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public definition of "Indie Game Dev" shifted over the years from "passion-powered artists" to 'scummy little tricksters'. Nowadays, as a Indie Dev on steam - you are being taken by default as shady person. No one gives you benefit of doubt . Actually - quite the opposite happens.
That must explain why people hate me! I'll take that explanation over contemplating that I might actually be a scummy little trickster. Too bad the attitude on Steam is becoming that surrounding Google Play. Where's a scummy little trickster to go?

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Of course one have to keep in mind - this is an extreme, viral case. But if you go to steam and filter games by free but without IAPS - you might notice that others aren't doing so bad too.
Another thing is that IAPs are tricky to implement. The various storefronts of course provide their own payment gateways, but that can lead to vendor lock-in, and the third-party solutions want to take a cut of sales. The desktop and Linux TV box market (Steam, etc.) are supposed to make it so you don't have to do that because you can actually sell things. I would not mind the DLC model at all, though I would want my DLC to contain actual content. Most F2P games are like that; the free version is essentially shareware, allowing players to upgrade. I'm trying to avoid desperate tactics.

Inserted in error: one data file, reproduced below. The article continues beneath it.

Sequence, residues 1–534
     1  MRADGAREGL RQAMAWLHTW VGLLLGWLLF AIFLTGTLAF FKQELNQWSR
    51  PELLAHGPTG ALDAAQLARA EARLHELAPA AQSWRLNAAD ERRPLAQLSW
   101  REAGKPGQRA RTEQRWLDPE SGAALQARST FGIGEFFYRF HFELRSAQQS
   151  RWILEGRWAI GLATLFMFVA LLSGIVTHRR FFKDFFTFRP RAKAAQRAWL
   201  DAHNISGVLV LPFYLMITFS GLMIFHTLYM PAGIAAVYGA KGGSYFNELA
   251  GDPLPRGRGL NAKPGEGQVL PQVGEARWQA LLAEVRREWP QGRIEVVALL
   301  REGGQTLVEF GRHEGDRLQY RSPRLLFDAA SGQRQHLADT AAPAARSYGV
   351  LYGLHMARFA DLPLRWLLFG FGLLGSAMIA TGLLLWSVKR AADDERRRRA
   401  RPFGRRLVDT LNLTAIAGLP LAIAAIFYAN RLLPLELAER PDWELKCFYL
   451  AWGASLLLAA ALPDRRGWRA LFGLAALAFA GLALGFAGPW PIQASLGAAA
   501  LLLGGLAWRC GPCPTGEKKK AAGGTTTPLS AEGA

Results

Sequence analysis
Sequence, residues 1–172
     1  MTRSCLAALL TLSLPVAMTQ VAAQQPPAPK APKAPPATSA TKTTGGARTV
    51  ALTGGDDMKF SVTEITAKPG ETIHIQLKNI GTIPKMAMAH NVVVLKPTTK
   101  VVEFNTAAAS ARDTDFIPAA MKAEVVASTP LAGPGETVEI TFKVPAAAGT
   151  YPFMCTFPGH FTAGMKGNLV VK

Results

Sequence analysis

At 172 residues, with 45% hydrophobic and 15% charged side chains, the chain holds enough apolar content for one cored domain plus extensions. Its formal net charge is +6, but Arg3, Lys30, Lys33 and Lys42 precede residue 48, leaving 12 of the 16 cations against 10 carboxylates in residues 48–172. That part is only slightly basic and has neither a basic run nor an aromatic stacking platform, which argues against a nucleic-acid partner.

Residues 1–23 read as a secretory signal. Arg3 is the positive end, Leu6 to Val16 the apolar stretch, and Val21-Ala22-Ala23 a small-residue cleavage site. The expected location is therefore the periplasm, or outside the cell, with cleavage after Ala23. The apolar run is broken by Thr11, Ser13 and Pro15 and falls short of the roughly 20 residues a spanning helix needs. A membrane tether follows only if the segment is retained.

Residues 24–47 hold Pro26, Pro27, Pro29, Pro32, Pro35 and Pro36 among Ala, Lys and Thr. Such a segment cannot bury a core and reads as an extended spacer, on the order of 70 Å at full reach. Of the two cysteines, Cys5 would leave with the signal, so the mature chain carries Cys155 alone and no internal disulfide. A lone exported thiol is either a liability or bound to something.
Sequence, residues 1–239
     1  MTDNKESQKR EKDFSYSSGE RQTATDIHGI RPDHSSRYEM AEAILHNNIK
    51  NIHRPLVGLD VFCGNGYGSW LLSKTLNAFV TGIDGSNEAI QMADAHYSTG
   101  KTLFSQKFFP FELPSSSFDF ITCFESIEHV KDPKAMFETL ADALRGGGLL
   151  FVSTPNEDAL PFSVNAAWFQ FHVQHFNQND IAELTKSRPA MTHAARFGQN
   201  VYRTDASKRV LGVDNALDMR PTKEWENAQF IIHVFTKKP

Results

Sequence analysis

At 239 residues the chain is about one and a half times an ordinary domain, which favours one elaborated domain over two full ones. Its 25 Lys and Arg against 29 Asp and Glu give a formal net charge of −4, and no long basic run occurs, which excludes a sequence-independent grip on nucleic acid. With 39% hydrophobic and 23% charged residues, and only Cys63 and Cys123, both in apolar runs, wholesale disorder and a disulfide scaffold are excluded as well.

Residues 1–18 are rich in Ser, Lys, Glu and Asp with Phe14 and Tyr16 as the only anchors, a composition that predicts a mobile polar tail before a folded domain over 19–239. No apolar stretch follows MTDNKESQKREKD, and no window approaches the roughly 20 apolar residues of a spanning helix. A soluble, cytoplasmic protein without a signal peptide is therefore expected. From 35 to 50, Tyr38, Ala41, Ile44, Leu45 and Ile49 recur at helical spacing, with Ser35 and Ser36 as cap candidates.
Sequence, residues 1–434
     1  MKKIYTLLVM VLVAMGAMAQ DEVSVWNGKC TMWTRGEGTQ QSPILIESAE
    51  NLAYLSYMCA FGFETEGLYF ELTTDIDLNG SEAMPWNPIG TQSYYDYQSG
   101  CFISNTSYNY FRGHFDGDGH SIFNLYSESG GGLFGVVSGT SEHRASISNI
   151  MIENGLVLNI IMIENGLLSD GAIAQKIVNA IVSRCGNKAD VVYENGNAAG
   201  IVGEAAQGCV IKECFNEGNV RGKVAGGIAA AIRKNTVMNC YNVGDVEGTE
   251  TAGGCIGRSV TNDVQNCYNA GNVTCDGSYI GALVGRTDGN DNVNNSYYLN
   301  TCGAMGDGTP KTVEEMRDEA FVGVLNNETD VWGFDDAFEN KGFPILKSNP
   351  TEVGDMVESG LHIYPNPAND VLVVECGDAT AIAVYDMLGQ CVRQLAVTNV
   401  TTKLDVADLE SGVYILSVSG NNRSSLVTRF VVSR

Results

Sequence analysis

Also, who's to say if a game becomes popular? My current project has been on TIG for 2 months and there has been very little visual progress and no comments. I highly doubt anyone will ever give a rat's ass about Cave Confectioner. I like the idea of it and the engine I'm developing, but it's not my lifelong passion project or anything like that. It's for the smug D&D player and chess strategist who wants to feel smart. I don't understand those people, but intuition tells me there is a market there somewhere. But I don't understand gamers of any kind, really. Casual, hardcore, or otherwise.
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Lady_Fuzzy
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« Reply #4 on: July 14, 2019, 11:52:37 PM »